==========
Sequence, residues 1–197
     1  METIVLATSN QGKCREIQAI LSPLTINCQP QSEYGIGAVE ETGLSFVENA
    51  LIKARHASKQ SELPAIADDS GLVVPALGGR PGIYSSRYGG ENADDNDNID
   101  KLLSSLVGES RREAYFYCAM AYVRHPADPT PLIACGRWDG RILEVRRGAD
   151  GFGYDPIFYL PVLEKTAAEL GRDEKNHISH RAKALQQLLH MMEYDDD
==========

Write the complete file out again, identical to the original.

Sequence, residues 1–197
     1  METIVLATSN QGKCREIQAI LSPLTINCQP QSEYGIGAVE ETGLSFVENA
    51  LIKARHASKQ SELPAIADDS GLVVPALGGR PGIYSSRYGG ENADDNDNID
   101  KLLSSLVGES RREAYFYCAM AYVRHPADPT PLIACGRWDG RILEVRRGAD
   151  GFGYDPIFYL PVLEKTAAEL GRDEKNHISH RAKALQQLLH MMEYDDD